Are companies passing through higher input prices to consumers?

Are companies passing through higher input prices to consumers?

One of the reasons why the monetary policy has been in the tightening mode is because of higher commodity prices, which in turn are being passed through to consumers by companies. The argument is that companies have now reached the limits of their capacities and have, thus, acquired pricing power.

RBI (Reserve Bank of India) governor’s post-policy conference call with analysts had an interesting conversation between Rajeev Malik, senior economist at broking firm CLSA Asia-Pacific Markets, and Subir Gokarn, deputy governor of RBI.

Also see | Margin Compression (PDF)

Malik’s contention was that margins were not increasing, so how could one say that the extent of pass-through had increased. Gokarn pointed out that although margins had been under pressure, they hadn’t collapsed dramatically. According to him, “The sense is that the compression has not been very significant and that reflects there may not be an escalation, but there certainly is significant pass-through."

If one looks at the HSBC Purchasing Managers’ Indices (PMI) for India, the rise in pass-through is clear in the services sector. Here’s what Leif Eskesen, chief economist for India and Asean at HSBC, had to say of the April numbers: “Input costs have risen for 17 straight months now, driven by supply shocks and rising labour costs, as companies are continuing to hire in a tightening labour market. In addition, demand-led price pressures are beginning to take over as the key driver of inflation, which are allowing businesses to more easily pass on the higher input costs to end-consumers."

The April services PMI showed the prices-charged index rising to 55.4 from 55.1 in March, although the pace of increase in input prices cooled somewhat. A reading over 50 indicates expansion. The manufacturing PMIs also show a slowing pace of growth for both input and output prices, but they continue to increase. The PMI indices also show that input prices have been growing more rapidly than output prices, which is leading to margin compression for firms.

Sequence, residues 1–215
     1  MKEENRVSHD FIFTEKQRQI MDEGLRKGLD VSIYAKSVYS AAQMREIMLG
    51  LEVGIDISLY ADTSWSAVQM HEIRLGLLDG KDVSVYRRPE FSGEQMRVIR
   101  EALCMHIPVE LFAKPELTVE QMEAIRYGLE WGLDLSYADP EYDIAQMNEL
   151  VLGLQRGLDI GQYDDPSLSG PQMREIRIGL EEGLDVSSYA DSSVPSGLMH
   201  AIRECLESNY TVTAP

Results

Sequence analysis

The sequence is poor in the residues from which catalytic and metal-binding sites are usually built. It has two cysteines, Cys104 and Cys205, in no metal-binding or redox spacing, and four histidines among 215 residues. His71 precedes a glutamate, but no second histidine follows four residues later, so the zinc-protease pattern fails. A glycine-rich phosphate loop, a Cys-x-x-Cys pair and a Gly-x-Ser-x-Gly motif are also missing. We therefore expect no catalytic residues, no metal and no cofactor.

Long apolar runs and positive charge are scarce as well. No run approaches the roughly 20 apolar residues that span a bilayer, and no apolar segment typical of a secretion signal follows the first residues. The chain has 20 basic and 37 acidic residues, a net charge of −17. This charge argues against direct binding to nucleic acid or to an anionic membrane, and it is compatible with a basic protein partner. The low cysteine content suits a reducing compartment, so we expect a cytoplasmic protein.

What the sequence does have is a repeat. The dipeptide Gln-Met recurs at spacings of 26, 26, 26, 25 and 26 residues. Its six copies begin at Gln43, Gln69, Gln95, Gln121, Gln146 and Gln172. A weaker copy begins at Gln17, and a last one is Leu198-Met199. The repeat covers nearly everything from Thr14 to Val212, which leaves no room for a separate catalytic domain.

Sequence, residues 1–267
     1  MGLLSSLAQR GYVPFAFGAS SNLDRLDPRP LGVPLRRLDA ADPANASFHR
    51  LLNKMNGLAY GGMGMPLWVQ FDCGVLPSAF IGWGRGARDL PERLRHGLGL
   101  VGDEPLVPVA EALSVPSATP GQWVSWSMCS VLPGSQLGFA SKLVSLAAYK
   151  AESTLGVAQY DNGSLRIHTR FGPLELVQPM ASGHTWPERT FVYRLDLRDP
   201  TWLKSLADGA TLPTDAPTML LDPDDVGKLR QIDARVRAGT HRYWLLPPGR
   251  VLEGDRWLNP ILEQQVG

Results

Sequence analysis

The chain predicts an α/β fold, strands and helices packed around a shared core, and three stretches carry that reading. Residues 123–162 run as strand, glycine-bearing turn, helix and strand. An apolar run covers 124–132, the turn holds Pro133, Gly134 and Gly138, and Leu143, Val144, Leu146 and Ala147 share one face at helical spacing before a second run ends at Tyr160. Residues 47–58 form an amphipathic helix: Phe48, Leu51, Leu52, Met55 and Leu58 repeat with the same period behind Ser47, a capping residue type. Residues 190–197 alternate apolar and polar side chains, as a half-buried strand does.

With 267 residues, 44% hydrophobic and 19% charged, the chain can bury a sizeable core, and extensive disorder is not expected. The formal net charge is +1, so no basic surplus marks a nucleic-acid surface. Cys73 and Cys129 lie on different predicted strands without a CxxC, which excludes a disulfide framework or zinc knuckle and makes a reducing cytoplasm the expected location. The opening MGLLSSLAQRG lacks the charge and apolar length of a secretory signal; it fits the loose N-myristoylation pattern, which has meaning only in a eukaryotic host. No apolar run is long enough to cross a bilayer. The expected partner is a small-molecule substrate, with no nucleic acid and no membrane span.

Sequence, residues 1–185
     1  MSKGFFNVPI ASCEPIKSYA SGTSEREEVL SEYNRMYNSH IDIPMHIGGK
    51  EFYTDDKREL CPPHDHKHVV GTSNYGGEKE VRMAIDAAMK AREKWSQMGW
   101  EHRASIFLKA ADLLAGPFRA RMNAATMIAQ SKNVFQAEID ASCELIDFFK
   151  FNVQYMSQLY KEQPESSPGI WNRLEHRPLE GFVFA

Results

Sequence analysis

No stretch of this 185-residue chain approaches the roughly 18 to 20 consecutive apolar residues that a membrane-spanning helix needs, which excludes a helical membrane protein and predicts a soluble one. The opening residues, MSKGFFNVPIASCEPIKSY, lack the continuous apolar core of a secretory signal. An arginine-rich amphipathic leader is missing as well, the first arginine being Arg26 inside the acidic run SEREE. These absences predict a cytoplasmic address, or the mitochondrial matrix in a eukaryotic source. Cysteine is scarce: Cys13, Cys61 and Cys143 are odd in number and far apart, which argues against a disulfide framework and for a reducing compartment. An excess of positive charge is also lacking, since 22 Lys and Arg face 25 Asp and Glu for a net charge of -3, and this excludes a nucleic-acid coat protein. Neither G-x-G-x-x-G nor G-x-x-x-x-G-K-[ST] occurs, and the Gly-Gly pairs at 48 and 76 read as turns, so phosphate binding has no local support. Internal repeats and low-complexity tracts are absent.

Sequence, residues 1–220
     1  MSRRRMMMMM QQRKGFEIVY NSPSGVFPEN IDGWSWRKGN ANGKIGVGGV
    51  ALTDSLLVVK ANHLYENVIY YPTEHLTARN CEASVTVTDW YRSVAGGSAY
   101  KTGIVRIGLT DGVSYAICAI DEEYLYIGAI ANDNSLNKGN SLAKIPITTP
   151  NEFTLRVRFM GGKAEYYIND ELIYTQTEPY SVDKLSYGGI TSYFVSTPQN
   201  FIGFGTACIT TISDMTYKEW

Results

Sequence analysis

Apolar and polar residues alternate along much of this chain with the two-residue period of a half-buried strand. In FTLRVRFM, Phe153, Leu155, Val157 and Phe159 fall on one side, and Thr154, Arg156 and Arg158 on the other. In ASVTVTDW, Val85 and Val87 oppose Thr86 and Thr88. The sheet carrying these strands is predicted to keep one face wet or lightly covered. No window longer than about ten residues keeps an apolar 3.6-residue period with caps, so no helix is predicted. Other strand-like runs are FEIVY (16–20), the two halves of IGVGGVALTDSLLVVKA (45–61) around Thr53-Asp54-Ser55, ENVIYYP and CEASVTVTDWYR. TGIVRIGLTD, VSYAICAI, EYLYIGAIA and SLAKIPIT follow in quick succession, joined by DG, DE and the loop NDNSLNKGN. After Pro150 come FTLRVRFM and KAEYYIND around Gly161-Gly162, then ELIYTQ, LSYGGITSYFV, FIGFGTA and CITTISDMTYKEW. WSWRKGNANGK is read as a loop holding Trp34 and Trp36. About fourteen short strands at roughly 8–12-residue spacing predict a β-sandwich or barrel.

We took a look at the operating profit margins of 166 non-financial companies—all of them part of the BSE-500 Index of the Bombay Stock Exchange whose results for the March quarter have been declared—and compared them with their performances in the previous quarters. The results show that though operating margins have fallen from 18.21% in the June quarter to 17.02% in the March 2011 quarter, there hasn’t been much of a change in them during these three quarters.

So, while it’s true that margins have not expanded, they have not contracted by much also. (Of course, many companies are yet to declare their results and the final picture may change, but we expect the trend to sustain).

The extent of pass-through has been, therefore, more or less the same in the last three quarters. What has changed is that input prices have gone up and, accordingly, so have output prices. What strengthened RBI’s anti-inflationary stance, therefore, was not the increase in the pass-through, but the central bank’s assessment that “global commodity prices, which have surged in recent months, are likely to, at best, remain firm and may well increase further over the course of the year", as the policy statement said.

But if RBI succeeds in slowing the economy and curbing demand, margins will be squeezed even more.

Graphic by Yogesh Kumar/Mint

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